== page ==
Going to work each day is a kind of social contract. You agree to perform special functions for your employer, and your employer compensates you for that effort with money and potentially additional benefits. You do your best to work hard and support yourself (and your family), but then there was an accident. Work accidents are incredibly common. It only takes a second for spilled coffee to cause a slip-and-fall or a machinery error to result in catastrophic injuries.
You did everything you should have done. You advised your manager or supervisor of the accident. You sought on-site medical evaluation, if your employer provides that. From there, you went on to get medical treatment from your own doctor or the local hospital. You filed a workers’ compensation insurance claim, expecting adequate coverage of your lost wages and medical bills. Unfortunately, your claim got denied, meaning no coverage for your expenses and losses from your work injury.
Why are claims denied sometimes?
Sometimes, a denied claim is a matter of miscommunication. If you reported the accident to your employer, someone else in management or human resources may have failed to fill out a necessary form. That omission later led to someone else denying your claim, since that person wasn’t aware of your injury.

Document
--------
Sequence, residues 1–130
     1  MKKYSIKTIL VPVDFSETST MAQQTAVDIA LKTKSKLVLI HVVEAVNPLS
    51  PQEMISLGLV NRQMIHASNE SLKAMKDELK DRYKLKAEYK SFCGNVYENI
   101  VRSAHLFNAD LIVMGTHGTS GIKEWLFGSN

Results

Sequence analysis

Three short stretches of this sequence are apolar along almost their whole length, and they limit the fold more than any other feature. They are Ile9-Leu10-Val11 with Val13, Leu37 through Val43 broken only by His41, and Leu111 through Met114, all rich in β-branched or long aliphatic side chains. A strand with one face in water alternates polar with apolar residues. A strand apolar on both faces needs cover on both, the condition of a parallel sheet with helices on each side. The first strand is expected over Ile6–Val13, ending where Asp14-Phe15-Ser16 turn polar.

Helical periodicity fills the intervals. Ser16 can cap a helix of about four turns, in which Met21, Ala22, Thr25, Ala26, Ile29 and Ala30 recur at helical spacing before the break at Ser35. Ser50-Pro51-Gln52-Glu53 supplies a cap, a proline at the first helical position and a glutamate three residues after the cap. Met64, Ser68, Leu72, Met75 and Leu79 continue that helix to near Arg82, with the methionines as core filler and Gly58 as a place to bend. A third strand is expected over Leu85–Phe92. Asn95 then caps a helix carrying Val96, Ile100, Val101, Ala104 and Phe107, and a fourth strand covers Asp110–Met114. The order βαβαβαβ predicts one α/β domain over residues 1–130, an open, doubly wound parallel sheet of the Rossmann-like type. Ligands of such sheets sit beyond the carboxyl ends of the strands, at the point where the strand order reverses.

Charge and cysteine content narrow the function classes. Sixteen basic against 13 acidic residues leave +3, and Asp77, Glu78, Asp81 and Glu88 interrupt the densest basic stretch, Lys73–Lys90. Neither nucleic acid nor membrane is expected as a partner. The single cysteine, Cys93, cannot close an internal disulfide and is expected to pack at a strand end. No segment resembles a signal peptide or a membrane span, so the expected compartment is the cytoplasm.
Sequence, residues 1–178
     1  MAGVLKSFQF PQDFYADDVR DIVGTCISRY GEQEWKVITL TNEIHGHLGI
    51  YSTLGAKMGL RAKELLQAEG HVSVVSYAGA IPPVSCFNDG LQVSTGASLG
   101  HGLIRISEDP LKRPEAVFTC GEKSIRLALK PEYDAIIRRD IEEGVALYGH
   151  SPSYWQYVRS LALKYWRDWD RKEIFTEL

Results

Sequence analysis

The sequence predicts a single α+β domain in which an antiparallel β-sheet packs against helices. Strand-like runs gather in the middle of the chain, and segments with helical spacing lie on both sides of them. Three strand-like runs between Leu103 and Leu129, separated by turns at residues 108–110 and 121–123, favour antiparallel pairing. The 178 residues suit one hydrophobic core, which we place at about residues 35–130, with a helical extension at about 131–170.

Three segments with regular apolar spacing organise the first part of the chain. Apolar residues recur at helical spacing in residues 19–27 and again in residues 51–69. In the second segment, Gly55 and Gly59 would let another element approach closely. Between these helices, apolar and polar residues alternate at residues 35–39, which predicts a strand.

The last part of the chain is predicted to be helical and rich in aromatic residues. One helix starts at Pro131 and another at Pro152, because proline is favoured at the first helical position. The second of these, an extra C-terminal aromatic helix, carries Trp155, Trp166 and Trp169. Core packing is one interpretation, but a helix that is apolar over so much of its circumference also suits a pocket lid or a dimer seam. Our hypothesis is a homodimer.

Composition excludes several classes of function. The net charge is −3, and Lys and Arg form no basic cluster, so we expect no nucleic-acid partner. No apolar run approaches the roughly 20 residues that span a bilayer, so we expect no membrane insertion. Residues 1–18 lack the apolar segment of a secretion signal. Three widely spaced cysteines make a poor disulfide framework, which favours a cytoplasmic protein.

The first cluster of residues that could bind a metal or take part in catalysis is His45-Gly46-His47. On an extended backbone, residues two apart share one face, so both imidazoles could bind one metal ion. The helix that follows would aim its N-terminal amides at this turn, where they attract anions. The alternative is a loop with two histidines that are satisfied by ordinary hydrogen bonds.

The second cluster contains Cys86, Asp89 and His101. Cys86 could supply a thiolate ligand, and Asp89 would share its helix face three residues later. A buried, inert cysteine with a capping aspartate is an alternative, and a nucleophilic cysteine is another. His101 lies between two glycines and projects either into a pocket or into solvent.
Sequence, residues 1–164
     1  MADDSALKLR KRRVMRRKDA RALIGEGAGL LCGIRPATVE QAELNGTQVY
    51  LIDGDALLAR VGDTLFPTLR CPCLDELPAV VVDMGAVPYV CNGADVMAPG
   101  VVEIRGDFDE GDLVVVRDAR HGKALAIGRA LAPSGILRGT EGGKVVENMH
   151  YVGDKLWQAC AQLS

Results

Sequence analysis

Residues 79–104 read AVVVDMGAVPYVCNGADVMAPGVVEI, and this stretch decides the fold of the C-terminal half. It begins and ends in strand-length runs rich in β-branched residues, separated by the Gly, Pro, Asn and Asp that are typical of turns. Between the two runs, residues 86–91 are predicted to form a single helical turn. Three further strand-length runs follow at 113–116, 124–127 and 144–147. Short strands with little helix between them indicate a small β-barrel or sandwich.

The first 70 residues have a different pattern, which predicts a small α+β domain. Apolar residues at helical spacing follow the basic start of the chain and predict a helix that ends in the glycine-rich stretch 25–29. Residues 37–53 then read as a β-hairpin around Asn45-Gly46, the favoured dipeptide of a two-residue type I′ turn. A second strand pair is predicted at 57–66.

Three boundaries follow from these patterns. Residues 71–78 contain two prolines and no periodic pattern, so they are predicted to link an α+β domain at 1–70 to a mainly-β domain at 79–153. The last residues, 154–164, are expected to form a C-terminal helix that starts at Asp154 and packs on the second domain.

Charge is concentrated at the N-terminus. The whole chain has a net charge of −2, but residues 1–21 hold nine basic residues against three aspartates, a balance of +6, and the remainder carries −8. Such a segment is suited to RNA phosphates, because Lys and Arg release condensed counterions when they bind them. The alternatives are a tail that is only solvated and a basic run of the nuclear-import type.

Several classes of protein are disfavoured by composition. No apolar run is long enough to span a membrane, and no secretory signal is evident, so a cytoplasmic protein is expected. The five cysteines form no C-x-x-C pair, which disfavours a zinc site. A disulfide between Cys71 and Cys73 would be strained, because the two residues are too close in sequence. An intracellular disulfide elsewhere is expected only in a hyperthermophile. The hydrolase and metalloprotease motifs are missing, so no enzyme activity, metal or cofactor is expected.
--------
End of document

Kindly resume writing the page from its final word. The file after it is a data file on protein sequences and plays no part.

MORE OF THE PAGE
Other times, employers are simply hoping to keep costs down by denying the facts of an accident. Perhaps your employer claims the accident didn’t happen, or maybe the denial implies the injury already existed. Your employer may even try to deny you coverage because you went to an outside doctor instead of their staff medical professional. Whatever the reasoning, you shouldn’t let an initial denial upset you. You have the right to appeal and receive the benefits that you deserve.
You have the right to appeal a denial
The whole point of workers’ compensation is to ensure that those who work hard for a living don’t end up injured and unable to care for themselves or provide for their own financial needs. Those who get hurt while working deserve to have their medical expenses and lost wages covered. In order to protect the basic rights of workers from unfair denials and corruption, there are legal processes in place that allow workers to appeal a denial of workers’ compensation coverage.
Appealing a denial can be stressful. You will need adequate medical documentation of the injury. Ideally, if your employer denies the accident, you will also reach out for corroborating statements from witnesses who work with you. In some cases, there could even be security camera footage of the accident. Barring that, medical records from the day of or shortly after the accident can also help your case, as can any paperwork you initially filed with your employer.